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able advantage aristocracy authority become better body called capital carried chief Church citizen civilised claim combined competition consider custom demand desire developed difficult duties effect elected electors equal evils exchange exists fact favour force give given hands hold House human important increase independent individual industry interest justice keep kind labour land less Liberal limited live look majority manage matters means measure ment Ministers moral nature necessary never notion object obtain officials opinion owners Parliament party persons political politicians poor popular possession prevent primitive principle produce profit Protestant question reason reform rent represented require respect rule social society strong subjects supposed things trade unless usually vote wages wealth wish
Page 97 - (p. 127). And in connection with this subject, reform, there is this timely warning given : " When social reformers put forward schemes by which the strain of competition would be lessened, we must examine their proposals carefully, to find out whether they do not involve an appeal to the selfishness of the weak, which is just as dangerous in its way as the selfishness of the strong
Page 127 - ... Raleigh's compact volume, but to a few salient points we must call particular attention. He enforces, from many points of view, the position that no abstract theory of government, nor any radical law, can give the prosperity and satisfaction demanded by certain theorists who call for revolution and reform. "The cardinal error of revolutionary politicians is this, that they assume the possibility of breaking away from custom and tradition. They look on institutions as if they were purely artificial,...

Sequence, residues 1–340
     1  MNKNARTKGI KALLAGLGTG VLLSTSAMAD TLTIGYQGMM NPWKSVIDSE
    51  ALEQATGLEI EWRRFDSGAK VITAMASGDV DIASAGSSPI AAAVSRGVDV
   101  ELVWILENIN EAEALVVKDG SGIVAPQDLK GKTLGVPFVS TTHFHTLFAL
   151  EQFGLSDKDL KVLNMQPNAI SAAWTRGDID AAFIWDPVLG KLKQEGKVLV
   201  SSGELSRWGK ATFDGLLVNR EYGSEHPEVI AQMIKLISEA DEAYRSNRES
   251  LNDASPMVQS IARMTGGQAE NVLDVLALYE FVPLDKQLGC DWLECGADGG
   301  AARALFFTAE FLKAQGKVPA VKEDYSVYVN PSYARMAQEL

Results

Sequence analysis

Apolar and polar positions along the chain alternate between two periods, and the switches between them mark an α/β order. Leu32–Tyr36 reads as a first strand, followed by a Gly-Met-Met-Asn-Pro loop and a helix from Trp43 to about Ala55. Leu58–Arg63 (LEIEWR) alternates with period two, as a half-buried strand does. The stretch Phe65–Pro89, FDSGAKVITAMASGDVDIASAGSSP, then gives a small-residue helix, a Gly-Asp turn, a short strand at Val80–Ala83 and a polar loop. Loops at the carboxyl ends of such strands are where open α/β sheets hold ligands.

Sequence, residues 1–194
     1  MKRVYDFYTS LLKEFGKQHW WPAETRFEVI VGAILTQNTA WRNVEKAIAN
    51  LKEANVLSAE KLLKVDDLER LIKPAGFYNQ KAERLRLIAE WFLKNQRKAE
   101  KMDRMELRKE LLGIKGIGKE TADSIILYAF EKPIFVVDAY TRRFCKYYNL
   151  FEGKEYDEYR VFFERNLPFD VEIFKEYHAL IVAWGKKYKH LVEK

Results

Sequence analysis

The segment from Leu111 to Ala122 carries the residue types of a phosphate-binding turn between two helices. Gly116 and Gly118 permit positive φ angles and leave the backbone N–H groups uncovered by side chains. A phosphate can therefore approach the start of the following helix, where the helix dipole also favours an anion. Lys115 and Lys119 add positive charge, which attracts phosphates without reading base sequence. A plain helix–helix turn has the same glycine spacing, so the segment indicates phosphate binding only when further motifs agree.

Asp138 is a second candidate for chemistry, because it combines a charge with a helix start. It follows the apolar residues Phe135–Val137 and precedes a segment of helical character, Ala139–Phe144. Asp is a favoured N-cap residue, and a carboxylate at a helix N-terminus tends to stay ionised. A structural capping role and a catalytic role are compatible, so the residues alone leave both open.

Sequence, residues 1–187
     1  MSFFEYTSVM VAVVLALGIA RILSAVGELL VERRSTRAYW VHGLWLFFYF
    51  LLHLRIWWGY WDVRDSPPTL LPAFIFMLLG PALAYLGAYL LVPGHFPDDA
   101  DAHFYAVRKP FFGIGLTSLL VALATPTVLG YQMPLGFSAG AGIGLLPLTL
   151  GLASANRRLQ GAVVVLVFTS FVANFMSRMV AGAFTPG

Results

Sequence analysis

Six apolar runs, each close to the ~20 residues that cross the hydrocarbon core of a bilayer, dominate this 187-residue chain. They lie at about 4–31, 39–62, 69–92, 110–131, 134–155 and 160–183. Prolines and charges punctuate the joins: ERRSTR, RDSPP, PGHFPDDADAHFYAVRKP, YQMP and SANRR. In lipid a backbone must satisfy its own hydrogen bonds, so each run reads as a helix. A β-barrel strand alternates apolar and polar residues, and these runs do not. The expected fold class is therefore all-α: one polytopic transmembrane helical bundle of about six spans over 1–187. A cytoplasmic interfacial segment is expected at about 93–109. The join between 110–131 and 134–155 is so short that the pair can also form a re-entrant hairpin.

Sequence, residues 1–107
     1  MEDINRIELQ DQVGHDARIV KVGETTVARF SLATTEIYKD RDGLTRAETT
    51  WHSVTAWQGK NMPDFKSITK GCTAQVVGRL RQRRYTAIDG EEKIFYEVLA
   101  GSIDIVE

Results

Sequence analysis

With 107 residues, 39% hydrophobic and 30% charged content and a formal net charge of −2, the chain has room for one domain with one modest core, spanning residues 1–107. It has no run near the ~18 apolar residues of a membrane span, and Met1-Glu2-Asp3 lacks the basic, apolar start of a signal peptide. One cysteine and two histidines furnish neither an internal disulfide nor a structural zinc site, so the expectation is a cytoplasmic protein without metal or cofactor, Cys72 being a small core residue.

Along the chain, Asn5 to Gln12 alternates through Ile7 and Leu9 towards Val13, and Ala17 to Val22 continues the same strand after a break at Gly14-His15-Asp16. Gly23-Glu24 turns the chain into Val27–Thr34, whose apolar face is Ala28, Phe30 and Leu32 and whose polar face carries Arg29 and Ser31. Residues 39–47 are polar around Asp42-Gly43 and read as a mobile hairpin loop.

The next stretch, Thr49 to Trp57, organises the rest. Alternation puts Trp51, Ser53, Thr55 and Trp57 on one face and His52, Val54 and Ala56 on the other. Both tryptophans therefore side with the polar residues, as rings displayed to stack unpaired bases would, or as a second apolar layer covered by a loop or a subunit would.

Page 127 - In point of fact, institutions are rooted in the natures of men who are accustomed to them. If all our laws were destroyed in a day, our habits and ways of thinking would remain, and out of these a new set of laws, not very unlike the old, would soon be developed. If we desire great changes, we must not put our trust in revolution : we must work steadily at those reforms which seem most likely to improve our habits and ways of thinking " (p. 127). And in connection with this subject, reform, there...
Page 54 - With the scrutin de liste, lists of candidates are nominated by the various political organizations or groups of electors; each elector has as many votes as there are members to be elected, but he may not give more than one vote to any one candidate.
Page 106 - On the whole, however, it must be admitted that we are still a long way from the point of real co-operation between school and home.
Page 47 - THE LAST CHAPTER OF IRISH HISTORY. THE last chapter of Irish History opens with the Irish Church Act of 1869, and the Irish Land Act of 1870. For nearly seventy years after the Union, Ireland had been governed by the Imperial Legislature with a sincere desire to promote the welfare of the people, but upon essentially English principles, and with little respect for Irish sentiment. Select Committees were appointed by the House of Commons...
Page 32 - King retains his position as head of the State, but in all matters of importance he is compelled to ask the advice and consent of persons representing the interests and opinions of his subjects. These persons guide him in choosing his ministers, in raising his revenue, and in every act of his government.
Page 30 - ... principles. Everyone knows vaguely what is meant by the state, and there is no need here to make. a lengthy excursus into political science. We may content ourselves with noting that "in a civilized country the force of the community is vested in certain persons for the purpose of defence and government, and when the community acts by means of these persons it is called the state, and the members of the community are called subjects of the state.